The Great Spoiler Machine: Delenn’s argument that if the Minbari help the Narn, then the Narn will become the aggressors, is quite fascinating given the role of prophecy in her behavior as well as the show’s general support of liberal interventionism. Delenn’s prophecies, after all, are based on what Jeffrey Sinclair knows by late season three, and by then the outcome of the Narn-Centauri War as well as G’Kar’s overall trustworthiness are known. So Delenn’s rejection of G’Kar is 1) a principled rejection of interventionism, surprising given the Rangers’ embodiment of such later, 2) a lie, to mask her lack of power in Minbari politics, or 3) a lie because she believes that intervening in the conflict will prevent the prophecies from coming true, or 4) a petty bit of revenge against G’Kar for his prior villainy.

Grade: B+

“Hunter, Prey” (season two, episode 13; originally aired 3/1/95)

The rise of serialization led to a variety of different experiments with the form: For example, The X-Filesstructure of monster-of-the-week episodes bookended by a handful of mythology episodes. That show’s huge influence on the way we discuss television helped to create the idea that there is, or even should be, a clear division between those styles of episodes. Yet most serialized shows use various hybrids, where episodes are partially procedural, with long-term plots attached. (Ironically, The X-Files used a more hybrid approach early in its first season, as everything was connected to the conspiracy, but that was unsustainable.)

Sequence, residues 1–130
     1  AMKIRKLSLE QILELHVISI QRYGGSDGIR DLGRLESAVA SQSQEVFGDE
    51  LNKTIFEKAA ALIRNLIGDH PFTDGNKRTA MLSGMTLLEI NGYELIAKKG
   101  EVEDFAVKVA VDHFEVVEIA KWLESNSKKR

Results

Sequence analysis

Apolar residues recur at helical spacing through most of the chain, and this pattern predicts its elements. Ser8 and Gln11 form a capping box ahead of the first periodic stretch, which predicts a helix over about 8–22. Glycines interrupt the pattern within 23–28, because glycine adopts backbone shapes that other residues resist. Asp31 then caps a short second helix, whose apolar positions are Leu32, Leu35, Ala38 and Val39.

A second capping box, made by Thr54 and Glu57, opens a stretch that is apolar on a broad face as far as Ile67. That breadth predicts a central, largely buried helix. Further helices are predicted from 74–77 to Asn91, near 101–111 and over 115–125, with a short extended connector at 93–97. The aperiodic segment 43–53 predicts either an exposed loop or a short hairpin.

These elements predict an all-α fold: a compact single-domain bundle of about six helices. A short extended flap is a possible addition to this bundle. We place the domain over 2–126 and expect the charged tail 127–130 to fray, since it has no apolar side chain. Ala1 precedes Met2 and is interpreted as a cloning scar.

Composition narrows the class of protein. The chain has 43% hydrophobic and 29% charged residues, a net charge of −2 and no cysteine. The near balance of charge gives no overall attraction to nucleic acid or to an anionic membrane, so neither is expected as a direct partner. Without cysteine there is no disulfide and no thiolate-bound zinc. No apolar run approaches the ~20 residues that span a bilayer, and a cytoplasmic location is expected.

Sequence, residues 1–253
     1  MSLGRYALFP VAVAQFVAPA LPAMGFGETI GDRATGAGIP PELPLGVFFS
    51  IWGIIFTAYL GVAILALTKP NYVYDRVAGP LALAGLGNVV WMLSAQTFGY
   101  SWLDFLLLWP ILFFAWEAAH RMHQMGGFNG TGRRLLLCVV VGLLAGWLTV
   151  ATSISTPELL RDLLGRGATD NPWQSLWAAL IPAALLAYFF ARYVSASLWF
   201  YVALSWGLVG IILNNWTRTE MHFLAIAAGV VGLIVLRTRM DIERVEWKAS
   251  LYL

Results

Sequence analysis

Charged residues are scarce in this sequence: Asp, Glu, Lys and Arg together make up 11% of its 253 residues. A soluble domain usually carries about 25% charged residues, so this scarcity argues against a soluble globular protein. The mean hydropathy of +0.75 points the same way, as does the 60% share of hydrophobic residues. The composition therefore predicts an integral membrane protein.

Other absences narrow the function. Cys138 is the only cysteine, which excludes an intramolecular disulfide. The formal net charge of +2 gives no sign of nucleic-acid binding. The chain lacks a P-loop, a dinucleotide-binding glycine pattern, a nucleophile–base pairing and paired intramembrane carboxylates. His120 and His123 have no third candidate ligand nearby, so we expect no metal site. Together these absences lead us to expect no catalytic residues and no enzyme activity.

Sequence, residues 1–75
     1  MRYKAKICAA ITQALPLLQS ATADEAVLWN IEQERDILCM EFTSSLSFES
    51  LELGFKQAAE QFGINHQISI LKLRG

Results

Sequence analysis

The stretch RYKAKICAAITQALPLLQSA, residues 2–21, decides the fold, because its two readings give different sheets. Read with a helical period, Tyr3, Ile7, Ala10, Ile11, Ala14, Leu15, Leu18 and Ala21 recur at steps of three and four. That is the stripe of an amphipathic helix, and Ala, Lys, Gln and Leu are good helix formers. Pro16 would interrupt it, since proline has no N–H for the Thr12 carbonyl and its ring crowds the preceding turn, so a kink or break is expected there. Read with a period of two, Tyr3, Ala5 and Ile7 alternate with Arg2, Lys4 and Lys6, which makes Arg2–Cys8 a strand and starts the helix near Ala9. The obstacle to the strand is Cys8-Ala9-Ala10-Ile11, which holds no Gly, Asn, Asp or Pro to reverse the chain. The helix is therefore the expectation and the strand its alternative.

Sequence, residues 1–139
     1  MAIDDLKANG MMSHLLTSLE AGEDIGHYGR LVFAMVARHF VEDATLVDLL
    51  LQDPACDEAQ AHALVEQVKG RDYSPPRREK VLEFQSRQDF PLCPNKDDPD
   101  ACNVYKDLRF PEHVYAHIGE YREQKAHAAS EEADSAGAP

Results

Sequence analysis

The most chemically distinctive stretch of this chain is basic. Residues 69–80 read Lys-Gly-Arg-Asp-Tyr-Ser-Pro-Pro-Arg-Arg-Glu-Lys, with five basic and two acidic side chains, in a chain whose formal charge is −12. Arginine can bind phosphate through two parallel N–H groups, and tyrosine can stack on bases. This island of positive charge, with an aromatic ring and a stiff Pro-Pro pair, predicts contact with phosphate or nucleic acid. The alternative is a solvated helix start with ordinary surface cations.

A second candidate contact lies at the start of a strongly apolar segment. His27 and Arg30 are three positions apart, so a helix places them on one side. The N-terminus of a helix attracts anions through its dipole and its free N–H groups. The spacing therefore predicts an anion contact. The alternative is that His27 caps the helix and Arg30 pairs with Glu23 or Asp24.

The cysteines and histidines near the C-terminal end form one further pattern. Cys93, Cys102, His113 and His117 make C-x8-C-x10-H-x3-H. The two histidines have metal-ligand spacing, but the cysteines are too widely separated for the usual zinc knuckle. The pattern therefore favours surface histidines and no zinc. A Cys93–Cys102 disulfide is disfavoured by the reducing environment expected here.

“Hunter, Prey” may be the purest example of a hybrid episode: It is a self-contained case of the week and not at all necessary to the function of the plot, but it’s entirely dependent on the overarching storyline (in this case, the conspiracy against President Clarke) and appears to move that story forward. These sorts of episodes can be valuable to the viewer in maintaining momentum, while I’d imagine they’re also valuable to writers, in that the serialization makes it fairly easy to think of a new plot for an episode to fill out the season.

In this case, then-Vice President Clarke’s doctor is on the lam, with evidence that Clarke wasn’t sick at all when he begged off Earth Force One the day before it was destroyed. Why not have him show up on Babylon 5? Why not use that to create drama between Sheridan the conspirator and Sheridan the EarthForce Captain?